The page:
You can delve into what all of these do in the custom post type entry in the WordPress codex, but the most important ones are rewrite, has_archive, and supports. Rewrite changes the URL slug, preventing conflicts with pages that potentially already exist. Make sure this is unique! Has_archive we have set to true, giving the post type an archive. If this is false, you won’t be able to have a page of all your products, or have a feed of them displayed somewhere, or anything like that. The supports give the post type its metadata – title, author, etc. Everything that makes a post a post outside of the content! You’ll notice custom fields are in there too, which is what we’re going to cover next week.

Giving the custom post type categories and tags

The next two functions we described were for the product taxonomy (or categories) and tags. Categories allow for easy sorting, and tags allow for a connection between relevant products. If we were selling clothing, we could have categories for shirts, pants, hats, etc. Then, each piece of clothing that had a rabbit on it could be connected by giving them all a “rabbit” tag.

To add this capability to the posts, here’s the code we want to add below the first function:

function acg_product_taxonomy() {
    // Add new taxonomy, make it hierarchical (like categories)
  $labels = array(
    'name' 		=> _x( 'Categories', 'taxonomy general name', 'acg'),
    'singular_name' 	=> _x( 'Category', 'taxonomy singular name', 'acg'),
    'search_items' 	=>  __( 'Search Categories', 'acg'),
    'all_items' 	=> __( 'All Categories', 'acg'),
    'parent_item' 	=> __( 'Parent Category', 'acg'),
    'parent_item_colon' => __( 'Parent Category:', 'acg'),
    'edit_item' 	=> __( 'Edit Category', 'acg'),
    'update_item' 	=> __( 'Update Category', 'acg'),
    'add_new_item' 	=> __( 'Add New Category', 'acg'),
    'new_item_name' 	=> __( 'New Category Name', 'acg'),
    'menu_name' 	=> __( 'Categories', 'acg')
                'hierarchical' => true,
                'labels' => $labels,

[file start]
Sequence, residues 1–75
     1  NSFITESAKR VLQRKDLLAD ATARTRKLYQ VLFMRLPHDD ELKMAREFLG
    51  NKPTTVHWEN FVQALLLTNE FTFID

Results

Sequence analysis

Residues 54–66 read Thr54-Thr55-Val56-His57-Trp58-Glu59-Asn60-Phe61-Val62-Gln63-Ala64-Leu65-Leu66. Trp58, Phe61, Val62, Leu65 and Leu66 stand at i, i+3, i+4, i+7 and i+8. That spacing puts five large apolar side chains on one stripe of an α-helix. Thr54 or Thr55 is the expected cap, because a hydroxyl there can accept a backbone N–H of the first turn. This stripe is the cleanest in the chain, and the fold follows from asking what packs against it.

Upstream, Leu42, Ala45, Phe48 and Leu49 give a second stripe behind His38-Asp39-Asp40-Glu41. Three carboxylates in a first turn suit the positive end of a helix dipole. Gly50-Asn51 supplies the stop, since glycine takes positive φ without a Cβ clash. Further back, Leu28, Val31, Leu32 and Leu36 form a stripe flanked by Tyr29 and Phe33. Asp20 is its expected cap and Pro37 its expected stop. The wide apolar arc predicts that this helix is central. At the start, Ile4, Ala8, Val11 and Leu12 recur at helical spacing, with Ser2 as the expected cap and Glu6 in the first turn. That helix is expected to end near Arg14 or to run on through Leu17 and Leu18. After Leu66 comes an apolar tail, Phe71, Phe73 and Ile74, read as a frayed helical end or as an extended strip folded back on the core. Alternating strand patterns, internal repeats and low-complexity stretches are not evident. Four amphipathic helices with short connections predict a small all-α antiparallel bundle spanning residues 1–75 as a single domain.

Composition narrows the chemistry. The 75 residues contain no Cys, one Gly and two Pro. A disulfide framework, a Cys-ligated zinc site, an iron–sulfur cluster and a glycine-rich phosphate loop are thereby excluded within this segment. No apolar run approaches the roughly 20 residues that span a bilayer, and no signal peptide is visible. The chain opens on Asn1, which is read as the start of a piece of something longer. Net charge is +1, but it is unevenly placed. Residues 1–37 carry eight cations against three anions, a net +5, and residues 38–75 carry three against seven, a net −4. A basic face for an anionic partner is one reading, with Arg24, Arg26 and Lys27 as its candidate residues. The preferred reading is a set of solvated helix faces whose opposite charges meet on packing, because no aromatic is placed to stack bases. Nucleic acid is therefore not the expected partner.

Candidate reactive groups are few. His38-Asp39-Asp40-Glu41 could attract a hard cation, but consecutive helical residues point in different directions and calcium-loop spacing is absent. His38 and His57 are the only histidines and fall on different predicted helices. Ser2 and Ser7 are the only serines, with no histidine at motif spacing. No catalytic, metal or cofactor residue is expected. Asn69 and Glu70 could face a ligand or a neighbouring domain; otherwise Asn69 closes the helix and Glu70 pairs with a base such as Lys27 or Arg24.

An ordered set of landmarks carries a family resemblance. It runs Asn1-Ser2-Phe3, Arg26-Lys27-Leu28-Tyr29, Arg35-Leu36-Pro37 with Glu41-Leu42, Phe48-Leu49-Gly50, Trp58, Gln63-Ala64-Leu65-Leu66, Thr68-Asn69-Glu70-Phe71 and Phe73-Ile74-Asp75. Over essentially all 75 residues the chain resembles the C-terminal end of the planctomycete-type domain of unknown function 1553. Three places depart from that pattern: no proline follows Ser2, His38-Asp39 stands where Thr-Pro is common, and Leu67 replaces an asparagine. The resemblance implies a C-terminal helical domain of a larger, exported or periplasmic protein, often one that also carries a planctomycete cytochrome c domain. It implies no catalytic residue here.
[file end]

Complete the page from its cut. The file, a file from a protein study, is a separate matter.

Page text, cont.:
'query_var' => true,
                'rewrite' => array( 'slug' => 'product-category' )

function acg_product_tags() {
    register_taxonomy( 'product-tags', 'portfolio', array(
                'hierarchical' => false,
                'update_count_callback' => '_update_post_term_count',
                'label' => __('Tags', 'acg'),
                'query_var' => true,
                'rewrite' => array( 'slug' => 'product-tags' )
    )) ;

All this does is essentially reuse the default WordPress functions for taxonomy and tags, but renames them to make them specific to the products post type. We don’t want them overlapping, after all.

Outputting the posts on the site

Great! With that code in our theme, there should be a Products menu item in the back end of our WordPress website. Now we can add any number of products we want, with all relevant information. By default, WordPress will grab the templates for post types that already exist, such as single.php and archive.php. There are a couple of ways to change up how the product displays as compared to the blog:

There should be a file called single.php already in your theme. Just make a copy of that file, and rename it single-product.php. Since we already named our new post type ‘product’ in our first function, WordPress is smart enough to know that this new file overrides the default one. Then from there, you can remove anything that displays on single blog posts you don’t want for your custom post type, and add things you do want. And none of it affects how the blog displays, since you’re working in a whole new file. The same applies to all other relevant pages. If you want the archive page to look different for products, just make a new file called archive-product.php.

The second method is more intensive, but allows for greater customization. Say, for instance, you wanted to add a function so that only products under $20 would appear. That’s accomplished through WP_Query, which you can explore in more detail here. For the sake of space, we won’t cover this method in as much detail. But essentially, this is a way to create queries that check for certain information (price, category, etc.), and react differently whether the conditions are met or not.

And there you have the basics of building a custom post type. Be sure to play around with all your options, and see how customized you can make your new post type. Finally, don’t forget to check back next time, when we cover custom fields in these posts!